As for an example, the last local underwear shop in Venice closed a decade ago. Since then, residents of this city of islands have had to go to the mainland to make such essential purchases. This is a warning sign.  Any city that sacrifices itself on the altar of mass tourism will be abandoned by its people when they can no longer afford the cost of housing, food, and basic everyday necessities.

We’re starting to see Venice without Venetians. It’s happening here in Barcelona too, a city of 2 million inhabitants that hosted 7.5 million tourists last year. The city council, run by the Catalan right, has said that it wants to increase this to 10 million visitors per year.

Of course, the answer is not to attack tourism. Everyone is a tourist at some point in their life. Rather, we have to regulate the sector, return to the traditions of local urban planning, and put the rights of residents before those of big business.

In the last twenty years, two major events, the 1992 Olympic Games and the Universal Forum of Cultures 2004 have enabled the city to undergo a transformation more radical than perhaps any other city in western Europe.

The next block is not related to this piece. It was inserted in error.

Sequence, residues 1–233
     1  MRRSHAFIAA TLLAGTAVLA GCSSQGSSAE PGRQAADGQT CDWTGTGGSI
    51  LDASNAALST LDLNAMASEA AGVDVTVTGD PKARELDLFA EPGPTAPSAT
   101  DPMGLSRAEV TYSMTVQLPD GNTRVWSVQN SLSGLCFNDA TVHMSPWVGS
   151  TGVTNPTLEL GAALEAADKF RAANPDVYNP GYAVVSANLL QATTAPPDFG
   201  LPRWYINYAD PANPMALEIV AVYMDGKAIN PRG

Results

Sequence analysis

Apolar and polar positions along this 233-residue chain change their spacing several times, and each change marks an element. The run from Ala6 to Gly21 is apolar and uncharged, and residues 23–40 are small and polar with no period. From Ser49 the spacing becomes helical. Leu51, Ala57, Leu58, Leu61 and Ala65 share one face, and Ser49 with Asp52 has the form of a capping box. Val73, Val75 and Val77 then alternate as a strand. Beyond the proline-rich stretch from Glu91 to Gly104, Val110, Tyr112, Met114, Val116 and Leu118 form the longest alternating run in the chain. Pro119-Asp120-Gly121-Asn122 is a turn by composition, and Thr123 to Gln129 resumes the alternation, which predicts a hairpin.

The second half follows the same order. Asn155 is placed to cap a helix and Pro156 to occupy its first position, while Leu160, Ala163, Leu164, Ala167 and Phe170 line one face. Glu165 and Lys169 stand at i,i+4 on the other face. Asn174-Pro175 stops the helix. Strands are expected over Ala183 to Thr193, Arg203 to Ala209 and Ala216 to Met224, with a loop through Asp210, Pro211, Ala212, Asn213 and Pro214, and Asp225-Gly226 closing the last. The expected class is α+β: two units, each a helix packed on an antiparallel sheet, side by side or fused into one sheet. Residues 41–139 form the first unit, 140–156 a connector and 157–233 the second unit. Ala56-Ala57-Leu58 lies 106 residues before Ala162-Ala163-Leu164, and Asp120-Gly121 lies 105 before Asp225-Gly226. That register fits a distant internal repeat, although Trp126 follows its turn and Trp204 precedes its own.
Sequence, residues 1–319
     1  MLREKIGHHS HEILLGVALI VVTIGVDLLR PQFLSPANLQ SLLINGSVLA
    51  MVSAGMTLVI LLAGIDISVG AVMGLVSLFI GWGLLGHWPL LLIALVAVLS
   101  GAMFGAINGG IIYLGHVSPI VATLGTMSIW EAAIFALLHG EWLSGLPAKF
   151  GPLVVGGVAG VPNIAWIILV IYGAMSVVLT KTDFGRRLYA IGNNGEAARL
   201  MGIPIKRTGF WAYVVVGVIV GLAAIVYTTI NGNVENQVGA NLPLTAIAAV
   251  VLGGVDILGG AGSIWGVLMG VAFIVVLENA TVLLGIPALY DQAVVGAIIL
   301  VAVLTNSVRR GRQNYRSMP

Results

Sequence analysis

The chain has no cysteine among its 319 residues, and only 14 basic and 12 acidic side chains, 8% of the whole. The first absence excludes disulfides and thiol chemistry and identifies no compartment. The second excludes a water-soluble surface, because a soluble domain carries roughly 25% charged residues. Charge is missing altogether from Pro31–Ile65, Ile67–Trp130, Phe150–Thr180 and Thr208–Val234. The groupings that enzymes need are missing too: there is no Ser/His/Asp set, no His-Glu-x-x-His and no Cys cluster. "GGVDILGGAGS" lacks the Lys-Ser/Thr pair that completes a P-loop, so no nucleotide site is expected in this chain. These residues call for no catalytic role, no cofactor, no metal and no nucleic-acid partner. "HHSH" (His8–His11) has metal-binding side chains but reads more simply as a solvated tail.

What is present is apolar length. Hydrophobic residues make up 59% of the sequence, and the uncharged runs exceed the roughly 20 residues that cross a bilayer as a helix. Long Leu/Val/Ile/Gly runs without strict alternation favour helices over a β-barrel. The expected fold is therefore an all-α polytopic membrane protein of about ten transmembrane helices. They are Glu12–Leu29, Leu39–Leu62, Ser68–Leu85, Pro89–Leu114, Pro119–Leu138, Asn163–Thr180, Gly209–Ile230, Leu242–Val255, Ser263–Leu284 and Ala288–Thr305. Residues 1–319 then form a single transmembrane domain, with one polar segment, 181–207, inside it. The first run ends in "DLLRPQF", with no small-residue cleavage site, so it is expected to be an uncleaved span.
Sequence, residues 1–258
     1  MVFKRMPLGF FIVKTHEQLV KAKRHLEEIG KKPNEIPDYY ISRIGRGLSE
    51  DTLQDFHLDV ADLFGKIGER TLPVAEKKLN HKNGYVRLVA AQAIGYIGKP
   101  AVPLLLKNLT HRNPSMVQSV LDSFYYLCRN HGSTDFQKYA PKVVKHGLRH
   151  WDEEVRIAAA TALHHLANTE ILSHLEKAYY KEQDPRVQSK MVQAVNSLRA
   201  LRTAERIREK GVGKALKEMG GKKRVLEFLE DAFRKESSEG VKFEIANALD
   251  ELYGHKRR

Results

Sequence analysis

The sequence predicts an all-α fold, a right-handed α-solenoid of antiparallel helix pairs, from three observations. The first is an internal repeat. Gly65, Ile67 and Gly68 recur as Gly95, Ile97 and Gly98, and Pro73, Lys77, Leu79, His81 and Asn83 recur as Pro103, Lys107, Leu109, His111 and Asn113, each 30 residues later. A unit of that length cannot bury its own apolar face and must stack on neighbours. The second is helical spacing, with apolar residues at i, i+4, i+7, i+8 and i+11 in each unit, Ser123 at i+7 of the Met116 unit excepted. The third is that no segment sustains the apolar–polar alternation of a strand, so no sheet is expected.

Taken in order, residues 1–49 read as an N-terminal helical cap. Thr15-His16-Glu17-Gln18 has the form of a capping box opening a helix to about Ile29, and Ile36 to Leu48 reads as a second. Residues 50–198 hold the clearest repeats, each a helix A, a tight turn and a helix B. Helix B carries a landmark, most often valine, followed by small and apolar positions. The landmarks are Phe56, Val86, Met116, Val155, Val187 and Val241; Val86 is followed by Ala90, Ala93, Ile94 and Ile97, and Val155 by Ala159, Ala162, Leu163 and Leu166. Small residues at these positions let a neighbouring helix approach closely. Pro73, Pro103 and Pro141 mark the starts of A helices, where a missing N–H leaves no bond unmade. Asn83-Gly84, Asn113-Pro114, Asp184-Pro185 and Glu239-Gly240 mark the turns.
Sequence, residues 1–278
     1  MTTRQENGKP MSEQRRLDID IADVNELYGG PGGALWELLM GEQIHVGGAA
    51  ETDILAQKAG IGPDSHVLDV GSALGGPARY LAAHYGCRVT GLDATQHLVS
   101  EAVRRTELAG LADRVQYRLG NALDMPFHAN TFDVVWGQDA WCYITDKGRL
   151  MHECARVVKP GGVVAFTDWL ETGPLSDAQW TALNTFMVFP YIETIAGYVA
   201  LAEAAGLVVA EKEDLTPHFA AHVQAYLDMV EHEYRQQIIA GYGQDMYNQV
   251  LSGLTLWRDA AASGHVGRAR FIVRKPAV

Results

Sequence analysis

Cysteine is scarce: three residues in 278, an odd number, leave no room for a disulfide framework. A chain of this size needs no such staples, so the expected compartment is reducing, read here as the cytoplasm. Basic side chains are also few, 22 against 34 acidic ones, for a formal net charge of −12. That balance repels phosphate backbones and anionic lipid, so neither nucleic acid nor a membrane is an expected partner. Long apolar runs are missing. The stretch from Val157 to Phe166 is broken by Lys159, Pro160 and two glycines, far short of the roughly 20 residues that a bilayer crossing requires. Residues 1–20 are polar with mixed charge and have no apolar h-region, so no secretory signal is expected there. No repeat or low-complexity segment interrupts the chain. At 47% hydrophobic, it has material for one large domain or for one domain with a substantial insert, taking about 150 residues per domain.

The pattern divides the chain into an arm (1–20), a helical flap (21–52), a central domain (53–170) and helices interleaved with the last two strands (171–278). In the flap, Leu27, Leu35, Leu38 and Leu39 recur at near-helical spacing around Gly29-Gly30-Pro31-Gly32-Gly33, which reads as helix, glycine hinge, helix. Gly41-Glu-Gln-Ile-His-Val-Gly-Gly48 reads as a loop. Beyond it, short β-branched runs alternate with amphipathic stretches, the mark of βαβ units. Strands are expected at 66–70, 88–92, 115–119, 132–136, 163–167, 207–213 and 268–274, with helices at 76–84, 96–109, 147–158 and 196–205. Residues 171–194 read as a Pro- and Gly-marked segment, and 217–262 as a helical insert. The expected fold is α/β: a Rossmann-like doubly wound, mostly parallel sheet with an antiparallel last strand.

Changes have been most dramatic in the medieval city, where the striking Contemporary Arts Museum has helped transform one of the city’s most rundown districts, El Raval. Gentrification has seen the arrival of many trendy bars and restaurants in the vicinity of the museum, but elsewhere sizeable immigrant communities have taken over apartments no longer wanted by Spaniards.

The potentials of modern means of transportation (global, convenient and often very affordable) and communication (mass media/ social media/ marketing) paired with a strong and attractive cultural identity creates a tourist industry which can diminish the culture upon which its success is based. Economic “overdevelopment” can be culturally and demographically unsustainable and may eventually lead to a loss/transformation of cultural identity. The city becomes a commercialised museum; a lifeless, stagnant and falsified (simplified, idealised, distorted) display of past achievements within which there seems to be no economic incentive for innovation or redefinition / regeneration.